Thermal Soaring is the core activity within Auckland Soar. Pure thermal soarer’s have no motor, and are launched with a bungee (for smaller models), or a winch. Built up balsa wood 2 meter models (e.g. Gentle Lady, Spirit, Chrysalis) are a good starting point. These tend to have only a few controls – typically rudder, elevator, and sometimes spoilers to aid in landing. Once these are mastered you can move on to more advanced and high performance models with “full house” controls – costs range from a few hundred dollars to a couple of thousand, and the models are typically brought in from overseas. Carbon fibre composite thermal soarers like the Supra and Maxa, with wingspans up to 4m can cost upwards of $2,000, but provide the ultimate in performance.
Electric Soaring (using an electric motor rather than a bungee or winch to get you to starting altitude) has become very
popular – especially with the advent of modern lithium polymer batteries and brushless motors, which have replaced the heavy inefficient electric systems of a few years ago. Most thermal models can be fitted with a motor, and a range of dedicated electric soarers (e.g. the Radian) is available. For contests, we use a small electric “altitude limiter” device, that automatically switches the motor off once the launch height has been reached – that way all contestants start out on an even playing field.
Discus Launched Gliders.
With the advent of modern composite construction, high performance hand launched thermal soaring has become reality. This is the ultimate “pure” form of soaring – just the pilot and the model. It is incredibly satisfying to hand throw a model, catch a low level thermal, and then “speck it out”. Because these models are very fragile, we recommend that you get yourself proficient in flying before moving on to your first DLG. Good entry level models include the “Topsky” series.
Many new comers are put-off by the idea of flying in contests, but they provide a fun avenue to improve your flying, and engage in a bit of friendly competition at the same time. Having a task to complete (e.g. fly 10 minutes off a single launch or motor run, then do a spot landing) rather than just “flying around” gives you a reason to hone your skills – e.g. learning to read and use the thermal lift, or landing on a spot. AucklandSoar runs regular club competitions, including the annual “Soarfest”, and the NZMAA Soaring Special Interest Group also runs various events during the year. You can make contest flying as “serious” as you want it to be. New Zealand regularly sends teams to the F3J (Thermal Soaring) and F3K (DLG) World Championships, and we have historically done incredibly well at these.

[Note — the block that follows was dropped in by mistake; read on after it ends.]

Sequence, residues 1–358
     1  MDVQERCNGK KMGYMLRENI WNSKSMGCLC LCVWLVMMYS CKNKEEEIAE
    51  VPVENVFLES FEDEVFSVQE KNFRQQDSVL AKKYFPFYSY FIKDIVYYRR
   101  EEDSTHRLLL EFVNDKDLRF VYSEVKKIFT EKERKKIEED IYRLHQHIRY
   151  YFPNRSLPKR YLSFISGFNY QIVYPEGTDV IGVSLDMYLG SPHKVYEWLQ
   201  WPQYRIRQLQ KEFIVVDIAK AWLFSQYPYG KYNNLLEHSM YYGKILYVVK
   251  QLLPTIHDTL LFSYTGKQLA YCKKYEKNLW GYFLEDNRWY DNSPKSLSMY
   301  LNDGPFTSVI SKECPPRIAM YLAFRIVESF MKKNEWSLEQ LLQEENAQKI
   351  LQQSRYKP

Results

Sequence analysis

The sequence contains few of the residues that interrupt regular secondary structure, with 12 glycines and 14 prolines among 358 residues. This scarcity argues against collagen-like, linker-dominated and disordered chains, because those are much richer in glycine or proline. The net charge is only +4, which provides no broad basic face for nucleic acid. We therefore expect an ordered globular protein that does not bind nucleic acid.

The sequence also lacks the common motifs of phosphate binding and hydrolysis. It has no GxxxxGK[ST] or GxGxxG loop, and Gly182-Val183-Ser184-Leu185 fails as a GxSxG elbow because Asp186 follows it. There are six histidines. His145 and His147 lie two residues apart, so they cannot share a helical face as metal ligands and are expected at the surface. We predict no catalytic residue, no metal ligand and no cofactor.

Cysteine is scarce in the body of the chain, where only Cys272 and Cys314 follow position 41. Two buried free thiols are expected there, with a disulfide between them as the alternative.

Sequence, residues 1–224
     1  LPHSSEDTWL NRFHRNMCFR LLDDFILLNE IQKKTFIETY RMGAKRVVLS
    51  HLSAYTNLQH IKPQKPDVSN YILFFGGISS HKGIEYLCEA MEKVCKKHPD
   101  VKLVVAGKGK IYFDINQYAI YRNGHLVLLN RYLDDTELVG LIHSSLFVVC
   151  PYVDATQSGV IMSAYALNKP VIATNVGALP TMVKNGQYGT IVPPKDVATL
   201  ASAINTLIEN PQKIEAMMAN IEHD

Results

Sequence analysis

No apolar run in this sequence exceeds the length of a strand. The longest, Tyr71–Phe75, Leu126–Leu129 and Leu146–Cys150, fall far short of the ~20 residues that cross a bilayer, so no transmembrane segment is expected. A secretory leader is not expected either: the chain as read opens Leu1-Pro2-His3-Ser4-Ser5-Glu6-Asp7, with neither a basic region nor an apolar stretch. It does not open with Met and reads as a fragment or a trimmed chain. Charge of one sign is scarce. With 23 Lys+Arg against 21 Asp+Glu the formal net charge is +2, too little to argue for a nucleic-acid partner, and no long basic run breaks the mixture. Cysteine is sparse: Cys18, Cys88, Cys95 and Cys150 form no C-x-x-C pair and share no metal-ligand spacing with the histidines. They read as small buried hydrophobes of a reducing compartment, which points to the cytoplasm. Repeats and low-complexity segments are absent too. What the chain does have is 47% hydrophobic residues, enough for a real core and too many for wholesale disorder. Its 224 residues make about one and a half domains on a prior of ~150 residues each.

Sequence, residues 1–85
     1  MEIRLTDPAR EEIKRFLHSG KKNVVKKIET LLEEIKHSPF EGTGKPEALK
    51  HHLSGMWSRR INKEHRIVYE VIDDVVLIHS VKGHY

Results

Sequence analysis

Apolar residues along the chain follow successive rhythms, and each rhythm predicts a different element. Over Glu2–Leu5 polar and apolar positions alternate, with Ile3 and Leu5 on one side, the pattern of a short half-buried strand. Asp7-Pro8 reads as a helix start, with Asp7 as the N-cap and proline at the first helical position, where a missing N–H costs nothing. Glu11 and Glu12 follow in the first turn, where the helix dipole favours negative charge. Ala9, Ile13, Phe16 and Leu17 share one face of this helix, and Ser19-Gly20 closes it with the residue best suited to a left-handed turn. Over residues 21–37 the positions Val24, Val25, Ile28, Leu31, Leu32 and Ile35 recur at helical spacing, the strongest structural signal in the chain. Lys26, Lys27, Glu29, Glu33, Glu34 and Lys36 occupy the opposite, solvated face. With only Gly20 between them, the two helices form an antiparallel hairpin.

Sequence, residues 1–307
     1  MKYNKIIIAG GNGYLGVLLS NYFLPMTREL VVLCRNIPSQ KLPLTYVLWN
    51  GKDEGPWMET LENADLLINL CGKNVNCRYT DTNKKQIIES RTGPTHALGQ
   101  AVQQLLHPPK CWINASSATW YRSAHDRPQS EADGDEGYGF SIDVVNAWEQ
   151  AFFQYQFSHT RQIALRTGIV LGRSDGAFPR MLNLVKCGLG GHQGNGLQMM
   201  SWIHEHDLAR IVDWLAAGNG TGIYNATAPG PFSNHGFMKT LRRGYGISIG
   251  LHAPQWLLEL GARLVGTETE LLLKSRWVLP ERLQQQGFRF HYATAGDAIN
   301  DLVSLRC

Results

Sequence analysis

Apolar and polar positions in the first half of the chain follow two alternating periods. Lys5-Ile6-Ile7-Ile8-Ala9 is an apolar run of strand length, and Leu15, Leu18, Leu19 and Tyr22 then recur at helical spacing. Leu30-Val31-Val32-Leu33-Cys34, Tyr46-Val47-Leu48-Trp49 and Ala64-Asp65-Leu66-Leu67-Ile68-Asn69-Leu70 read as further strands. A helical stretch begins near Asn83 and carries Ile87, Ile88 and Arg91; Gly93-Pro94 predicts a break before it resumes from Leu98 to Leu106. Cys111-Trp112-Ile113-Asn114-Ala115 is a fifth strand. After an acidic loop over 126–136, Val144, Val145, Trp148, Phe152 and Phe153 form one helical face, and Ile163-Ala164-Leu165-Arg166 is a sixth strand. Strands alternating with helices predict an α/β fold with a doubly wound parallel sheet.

Although AucklandSoar is primarily a soaring club, most members also have electric non-glider models. These are fine to fly at Ambury provided they are not too noisy or fast so as to annoy the stock, other park users, or neighbouring residents. “Pusher type” models like the AXN, Bixler, or electric flying wings are not suitable because of the amount of noise they make.
When it is too windy for soaring off the flat field, it’s time to go Slope Soaring.
Prevailing wind strikes the slope and as it cannot pass through the slope, is then
forced up and over.
It is in this section of upward moving air that lift is produced. The amount of lift produced is dependent on certain factors, such as wind speed, shape of the slope and air temperature. A slope where the wind strikes dead-on (perpendicular to the slope) is ideal, as a side-on wind will greatly reduce the amount of lift produced by the slope. Costal sites tend to have very good, smooth lift even off small slopes. A slope with a concave "bowl" will compress the wind as it is funnelled up the slope and create even better lift. The lift-band can extend away from the slope for several hundred metres and way up above the top of the slope. This makes for a large flying area. As the wind recedes, the lift will start to drop-off and then it is time to head back to land on top of the slope.
Slope soaring is perhaps the cheapest form of soaring with almost indestructible ‘foamie’ models available for around the $150.00 mark. They also only require a ‘basic’ 2 channel radio set. If you are starting out, suitable models include the Foamworks Fusion (), and the Windrider Bee series ( – also sometimes available from NZ shops). Slope Soaring is also ideal for those wanting to design and build their own
models - almost anything will fly on the slope provided the balance is correct. Keep an eye out for second hand bargains on sites such as TradeMe – a second hand basic 2 channel foamie model can often be purchased for less
Light models (including Thermal Soarers) are suitable for sloping in light winds, stronger winds require heavier models or addition of ballast to penetrate forward into the wind. For the more advanced, composite construction slope soarers again provide the ultimate in performance. A variant of slope soaring called Dynamic Soaring, which utilises the air currents on the leeward side of the slope, provides the ultimate thrill for “speed junkies”.
Some Sites in Auckland for Slope Soaring:
Duders Regional Park
North East – South East Winds:
Shakespear Regional Park (Easterly only)
Shakespear Regional Park
Mt Wellington (But caution with the tall trees)
South West Winds:
Mt Wellington (but caution with the tall trees)
Maori Bay (Muriwai) – not suitable for beginners
Westerly – North Westerly Winds:
Musick Point (Westerly only)
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